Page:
If you’re looking for an affordable portable wheelchair ramp then you may wish to consider a channel ramp. They’re made up of two pieces, these are the channels. And these two pieces are used in conjunction with one another to form a ramp.
One of the things you need to think about when using a channel ramp is that the two pieces must be placed at the correct distance so the wheelchair wheels can fit onto them. Owing to the design, it isn’t possible to use channel ramps with a three wheel scooter or chair.
A lot of people favour channel ramps owing to the fact that they’re very lightweight and easy to handle, making them perfect for travel. Moreover, a lot of them are telescopic so channel ramps are great for storing in the back of the car.
I’d recommend a channel ramp for users who have a self propelled wheelchair as well as some styles of four wheeled mobility scooters. They’re not ideal for attendant propelled wheelchairs as it can be a little tricky to walk on the ramps.
Of course, there are downsides to the channel ramp and one of the main problems is that a lot of scooters are too wide to use them. There are some wider channel ramps out there, however, so it is still worth researching them
Additionally, you have to consider that these ramps are not suitable for low ride height scooters as they will ground out when they get to the top of the ramp. That said, you can counter this problem by choosing a channel ramp whose gradient is less than 1:3.
Trifold And Suitcase Ramps
This type of ramp takes its name from the fact that, when it is folded in half, it has a handle and resembles a suitcase. This makes them easy to carry and is perfect for people who need something that won’t require as much storage space.
Typically, trifold ramps are recommended when the length exceeds five feet as even when suitcase ramps are folded, at this length, they can become heavy and cumbersome.
One of the best things about a suitcase ramp is that you don’t need such precision when placing the ramp nor when you are moving over it. They’re ideal if you have an attendant propelled chair as there’s lots of room on the ramp for them to walk.
Unlike channel ramps, these ramps are brilliant for three wheeled scooters as they are totally solid without any gaps. However, you have to consider that they’re a lot more expensive owing to the fact that they’re made from heavier materials.
A threshold ramp will help you get through a doorway whose threshold is no more than three inches in height. They can be easily fitted thanks to the built in edge which you don’t have to place directly onto the threshold.
However, it’s possible that you’ll need to threshold ramps; one for the internal side of the door and one for the outside.
There are two different types of threshold ramps. Portable ones can be taken with you when you’re travelling but it’s also possible to get fixed threshold ramps in your home for permanent use. Plus, they’re installed using screws so they can be easily removed should you no longer need the wheelchair or if you move house.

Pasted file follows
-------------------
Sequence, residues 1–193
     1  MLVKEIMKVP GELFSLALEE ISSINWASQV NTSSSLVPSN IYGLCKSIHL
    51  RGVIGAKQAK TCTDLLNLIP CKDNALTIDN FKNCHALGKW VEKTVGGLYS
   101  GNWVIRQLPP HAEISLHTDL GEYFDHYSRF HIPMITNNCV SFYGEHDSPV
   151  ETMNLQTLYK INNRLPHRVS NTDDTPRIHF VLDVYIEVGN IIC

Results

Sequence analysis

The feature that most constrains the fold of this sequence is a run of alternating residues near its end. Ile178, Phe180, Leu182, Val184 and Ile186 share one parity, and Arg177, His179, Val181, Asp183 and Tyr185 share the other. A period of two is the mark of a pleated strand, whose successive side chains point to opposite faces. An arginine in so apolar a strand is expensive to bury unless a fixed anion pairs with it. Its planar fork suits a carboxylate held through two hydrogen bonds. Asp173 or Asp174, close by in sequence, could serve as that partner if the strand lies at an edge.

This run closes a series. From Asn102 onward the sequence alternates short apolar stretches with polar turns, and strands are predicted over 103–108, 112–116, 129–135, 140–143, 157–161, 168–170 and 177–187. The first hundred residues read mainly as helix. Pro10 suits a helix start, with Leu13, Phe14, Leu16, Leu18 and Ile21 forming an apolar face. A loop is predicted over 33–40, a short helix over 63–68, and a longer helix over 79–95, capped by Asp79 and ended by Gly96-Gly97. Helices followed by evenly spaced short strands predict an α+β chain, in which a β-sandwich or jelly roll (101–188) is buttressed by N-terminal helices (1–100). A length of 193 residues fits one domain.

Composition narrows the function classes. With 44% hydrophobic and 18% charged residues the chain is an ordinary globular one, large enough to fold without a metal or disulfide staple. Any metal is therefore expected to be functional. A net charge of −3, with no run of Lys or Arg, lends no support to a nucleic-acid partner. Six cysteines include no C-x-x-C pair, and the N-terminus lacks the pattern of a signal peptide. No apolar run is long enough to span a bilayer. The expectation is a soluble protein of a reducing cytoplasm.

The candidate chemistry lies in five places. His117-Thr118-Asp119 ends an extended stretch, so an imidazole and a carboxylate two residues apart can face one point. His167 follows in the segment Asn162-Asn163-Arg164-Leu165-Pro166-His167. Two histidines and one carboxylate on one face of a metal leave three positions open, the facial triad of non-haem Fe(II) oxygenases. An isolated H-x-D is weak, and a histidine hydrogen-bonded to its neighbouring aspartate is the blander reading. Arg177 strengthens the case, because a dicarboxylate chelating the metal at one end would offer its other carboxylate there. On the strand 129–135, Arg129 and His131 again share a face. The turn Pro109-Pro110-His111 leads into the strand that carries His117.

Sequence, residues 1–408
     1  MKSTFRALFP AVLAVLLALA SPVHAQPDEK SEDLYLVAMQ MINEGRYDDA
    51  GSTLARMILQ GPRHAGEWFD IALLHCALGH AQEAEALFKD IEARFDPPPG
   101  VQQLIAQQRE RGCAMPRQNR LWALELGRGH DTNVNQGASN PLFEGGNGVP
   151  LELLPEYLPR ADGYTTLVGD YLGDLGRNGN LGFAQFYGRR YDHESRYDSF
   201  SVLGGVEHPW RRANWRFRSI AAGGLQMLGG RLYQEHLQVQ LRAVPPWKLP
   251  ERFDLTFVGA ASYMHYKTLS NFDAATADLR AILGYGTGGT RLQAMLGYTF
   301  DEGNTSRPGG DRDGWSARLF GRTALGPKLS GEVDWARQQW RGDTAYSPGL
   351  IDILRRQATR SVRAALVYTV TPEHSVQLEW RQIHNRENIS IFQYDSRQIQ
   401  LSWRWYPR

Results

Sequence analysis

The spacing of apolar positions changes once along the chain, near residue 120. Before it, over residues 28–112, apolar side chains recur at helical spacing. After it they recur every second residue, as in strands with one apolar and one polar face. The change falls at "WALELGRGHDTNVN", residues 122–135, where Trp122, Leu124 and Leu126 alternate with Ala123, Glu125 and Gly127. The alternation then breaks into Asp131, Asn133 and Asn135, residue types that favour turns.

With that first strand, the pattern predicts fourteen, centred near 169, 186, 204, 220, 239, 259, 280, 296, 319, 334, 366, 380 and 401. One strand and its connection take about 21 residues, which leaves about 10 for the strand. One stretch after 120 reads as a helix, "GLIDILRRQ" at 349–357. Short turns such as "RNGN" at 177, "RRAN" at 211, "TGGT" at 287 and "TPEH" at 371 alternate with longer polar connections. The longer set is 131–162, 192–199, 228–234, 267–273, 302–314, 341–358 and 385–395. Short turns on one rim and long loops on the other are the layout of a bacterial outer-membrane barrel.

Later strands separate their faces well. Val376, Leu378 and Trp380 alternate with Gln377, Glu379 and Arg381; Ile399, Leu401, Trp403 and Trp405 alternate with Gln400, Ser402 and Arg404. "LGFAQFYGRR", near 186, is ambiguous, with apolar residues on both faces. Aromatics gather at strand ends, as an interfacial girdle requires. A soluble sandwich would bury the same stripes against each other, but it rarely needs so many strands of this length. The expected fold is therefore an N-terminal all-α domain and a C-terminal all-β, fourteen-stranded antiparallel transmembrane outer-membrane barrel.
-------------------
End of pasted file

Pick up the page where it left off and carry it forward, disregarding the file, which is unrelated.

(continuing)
When you’re out and about, you’ll likely come across obstacles like curbs but a portable wheelchair ramp gives you a way to get over these easily. These ramps are usually quite small and don’t typically exceed 24 inches. They’re also very lightweight so you can carry them wherever you go and usually include a carry bag that attaches to your wheelchair for convenience.
Getting The Gradient Right
Perhaps the most important thing about choosing a wheelchair ramp is getting the gradient right. If you don’t, then the wheelchair ramp won’t be long enough.
While there aren’t any enforceable standards, there are guidelines that suggest a permanent wheelchair ramp should have a 1:15 gradient. This means that, for every inch of rise, there is 15 inches of length. That said, this isn’t always the most practical solution, especially in tight spots. Therefore, most wheelchair ramps will have a 1:6 gradient.
In order to determine the right gradient for your wheelchair ramp, you will first need to work out the height of the steps you’re trying to get over. Once this measurement has been taken, you can figure out the required length of the ramp.
For example, if the step is 12 inches high and you’ll be using a gradient of 1:6, the ramp would need to be six feet in length. But you don’t even need to put your GCSE maths to good use to figure this out as there are wheelchair ramp length calculators online that will figure it out for you.
Buying a wheelchair ramp does require some careful consideration. You’ll need to assess your property to make sure that it is suitable for a ramp installation and whether there are any special requirements that will affect the kind of ramp you can use.
Also consider your own needs such as your weight, the type of wheelchair or scooter you use and whether you have additional equipment or a caregiver that’ll need to be on the ramp as well.
This guide to buying a wheelchair ramp makes things so much simpler and easy to understand. But, if you are ever in any doubt, speak to your supplier who will be able to offer you more tailored advice.